These pages are about surgery in the UK. If you are looking for information about surgery in another country, please contact your local epilepsy organisation.
There are many different types of epilepsy brain surgery. The type your child might have depends on their type of seizures, and where the seizures begin in their brain. Here are some of the more common types of epilepsy surgery.
This is done when surgeons know which part of the brain the seizures start in. Children having this type of surgery have a small part of their brain removed. Although this sounds worrying, the surgeon will only take away damaged parts that aren’t needed.
If the part of the brain causing the seizures is in the temporal lobe, the surgery is called a ‘temporal’ resection. If the part of the brain causing the seizures is in one of the other lobes, it is called an ‘extra-temporal’ resection.
Multiple subpial transection
This surgery is only rarely done. It is done when it is not possible to remove the part of the brain that is causing the seizures. The surgeon will make a series of cuts to separate the damaged part of the brain from the surrounding area. This stops seizures moving from one part of the brain to others.
During this surgery the 2 hemispheres (halves) of the brain are separated. It is mainly used for generalised seizures, particularly frequent drop attacks, (tonic and atonic seizures), and myoclonic seizures that affect the whole body. It is also used for severe focal seizures that start in one hemisphere and spread to the other.
Hemispherectomy / hemispherotomy
This is major surgery to remove or separate (disconnect) one half of the outer layer of the brain from the other. It is for children who have seizures as a result of one half of their brain being badly damaged or not working properly. Removal of one hemisphere is called ‘hemispherectomy’. Sometimes the hemisphere is not removed, but completely disconnected from the rest of the brain. This is called hemispherotomy.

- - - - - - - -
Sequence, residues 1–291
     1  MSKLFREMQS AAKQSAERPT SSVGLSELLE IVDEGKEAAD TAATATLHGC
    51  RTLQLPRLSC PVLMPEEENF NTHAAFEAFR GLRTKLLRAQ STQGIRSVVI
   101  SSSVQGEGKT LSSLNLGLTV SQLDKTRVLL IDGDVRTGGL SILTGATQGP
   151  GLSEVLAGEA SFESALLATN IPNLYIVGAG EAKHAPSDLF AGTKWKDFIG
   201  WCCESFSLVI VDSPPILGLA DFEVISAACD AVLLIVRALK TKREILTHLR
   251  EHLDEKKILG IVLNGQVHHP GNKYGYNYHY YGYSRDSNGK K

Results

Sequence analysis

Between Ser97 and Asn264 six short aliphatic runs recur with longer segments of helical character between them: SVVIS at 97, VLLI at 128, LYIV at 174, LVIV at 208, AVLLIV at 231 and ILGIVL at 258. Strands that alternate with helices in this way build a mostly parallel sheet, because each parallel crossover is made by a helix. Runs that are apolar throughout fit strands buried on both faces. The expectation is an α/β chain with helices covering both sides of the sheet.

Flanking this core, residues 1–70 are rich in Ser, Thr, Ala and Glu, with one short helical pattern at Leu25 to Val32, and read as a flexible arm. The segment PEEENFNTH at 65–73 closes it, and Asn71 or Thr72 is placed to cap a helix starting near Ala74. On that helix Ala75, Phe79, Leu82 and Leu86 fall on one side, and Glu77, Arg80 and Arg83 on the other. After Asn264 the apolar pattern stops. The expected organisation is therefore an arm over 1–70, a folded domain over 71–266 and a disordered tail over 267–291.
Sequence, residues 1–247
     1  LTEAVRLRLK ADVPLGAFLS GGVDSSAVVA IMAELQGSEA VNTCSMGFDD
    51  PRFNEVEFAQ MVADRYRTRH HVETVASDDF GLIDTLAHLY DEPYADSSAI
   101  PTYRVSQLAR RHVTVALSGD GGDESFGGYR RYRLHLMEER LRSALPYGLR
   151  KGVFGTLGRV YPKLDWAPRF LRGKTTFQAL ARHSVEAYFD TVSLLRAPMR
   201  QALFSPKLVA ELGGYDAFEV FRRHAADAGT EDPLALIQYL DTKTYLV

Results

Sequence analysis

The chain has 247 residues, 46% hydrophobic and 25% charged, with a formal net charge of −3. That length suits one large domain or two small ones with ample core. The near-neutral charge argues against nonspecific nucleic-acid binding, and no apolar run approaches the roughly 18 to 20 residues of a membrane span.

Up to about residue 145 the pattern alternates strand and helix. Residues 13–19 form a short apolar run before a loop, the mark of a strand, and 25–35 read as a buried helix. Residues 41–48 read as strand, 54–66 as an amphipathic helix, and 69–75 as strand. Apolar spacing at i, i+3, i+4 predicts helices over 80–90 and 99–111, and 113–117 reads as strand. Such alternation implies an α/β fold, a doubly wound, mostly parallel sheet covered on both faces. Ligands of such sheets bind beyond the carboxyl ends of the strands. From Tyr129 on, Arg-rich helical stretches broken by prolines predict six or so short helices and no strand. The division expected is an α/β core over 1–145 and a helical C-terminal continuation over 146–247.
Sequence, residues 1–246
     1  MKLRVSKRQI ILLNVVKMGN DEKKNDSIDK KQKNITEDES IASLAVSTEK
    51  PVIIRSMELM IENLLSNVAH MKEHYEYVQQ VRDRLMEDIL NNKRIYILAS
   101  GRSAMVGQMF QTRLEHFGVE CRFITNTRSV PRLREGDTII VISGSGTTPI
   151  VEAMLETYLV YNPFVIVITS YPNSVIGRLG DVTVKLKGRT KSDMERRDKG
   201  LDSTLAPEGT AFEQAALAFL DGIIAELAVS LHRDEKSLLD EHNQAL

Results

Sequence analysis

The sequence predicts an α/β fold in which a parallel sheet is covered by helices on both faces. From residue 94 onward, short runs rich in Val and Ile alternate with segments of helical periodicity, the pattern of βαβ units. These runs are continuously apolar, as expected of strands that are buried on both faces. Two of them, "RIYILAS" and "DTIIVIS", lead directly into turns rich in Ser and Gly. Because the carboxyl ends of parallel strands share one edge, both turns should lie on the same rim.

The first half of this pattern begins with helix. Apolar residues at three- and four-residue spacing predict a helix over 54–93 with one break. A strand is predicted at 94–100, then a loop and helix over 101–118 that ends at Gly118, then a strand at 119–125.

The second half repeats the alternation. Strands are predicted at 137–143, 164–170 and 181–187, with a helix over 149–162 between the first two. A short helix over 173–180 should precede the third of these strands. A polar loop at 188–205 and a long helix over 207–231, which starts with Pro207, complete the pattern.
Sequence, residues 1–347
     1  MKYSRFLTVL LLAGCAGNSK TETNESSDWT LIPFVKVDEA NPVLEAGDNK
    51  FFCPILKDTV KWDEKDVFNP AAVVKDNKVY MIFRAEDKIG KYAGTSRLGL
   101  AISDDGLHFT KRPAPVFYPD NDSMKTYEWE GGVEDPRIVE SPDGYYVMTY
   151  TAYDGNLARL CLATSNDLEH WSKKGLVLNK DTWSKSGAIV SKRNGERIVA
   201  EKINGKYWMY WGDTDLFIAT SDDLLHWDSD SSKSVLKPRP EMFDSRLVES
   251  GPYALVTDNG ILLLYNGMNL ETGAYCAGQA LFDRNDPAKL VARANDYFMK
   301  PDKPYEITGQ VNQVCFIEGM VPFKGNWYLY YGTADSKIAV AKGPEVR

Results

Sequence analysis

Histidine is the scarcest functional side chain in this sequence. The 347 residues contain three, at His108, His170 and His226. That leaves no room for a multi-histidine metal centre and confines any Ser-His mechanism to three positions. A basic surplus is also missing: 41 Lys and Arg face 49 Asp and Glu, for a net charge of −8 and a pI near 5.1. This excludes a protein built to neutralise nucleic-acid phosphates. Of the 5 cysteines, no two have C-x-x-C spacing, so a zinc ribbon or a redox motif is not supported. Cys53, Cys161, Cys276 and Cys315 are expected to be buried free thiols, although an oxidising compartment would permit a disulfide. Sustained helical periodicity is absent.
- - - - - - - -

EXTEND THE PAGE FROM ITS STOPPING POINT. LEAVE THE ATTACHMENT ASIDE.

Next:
What happens before, during and after epilepsy brain surgery?
What happens during surgery will depend on the type of surgery the child is having.
Your child will be very carefully prepared for surgery in the operating theatre. They will be put to sleep with a general anaesthetic. Altogether, this part of the operation may take up to 2 hours.
Most children will have a small cut made in their skull, so that the surgeon can see their brain. The surgeon may then remove some bone. On rare occasions, and only usually in children older than 12 years, the surgeon may wake the child up during part of the operation. It is done so that they can find the part of the brain that controls language and movement. The surgeon will explain to your child why this happens. Afterwards, the bone is replaced and fixed to the skull for healing
Most epilepsy brain surgery takes at least 4 to 6 hours, and sometimes longer.
If you would like to see this information with references, visit the Advice and Information references section of our website. If you are unable to access the internet, please contact our Epilepsy Action Helpline freephone on 0808 800 5050.
Epilepsy Action wishes to thank Dr Richard Appleton, consultant paediatric neurologist at Alder Hey Children’s Hospital, Liverpool, UK, for his contribution.
Richard Appleton has no conflict of interest.
This information has been produced under the terms of The Information Standard.
- Updated May 2016To be reviewed May 2019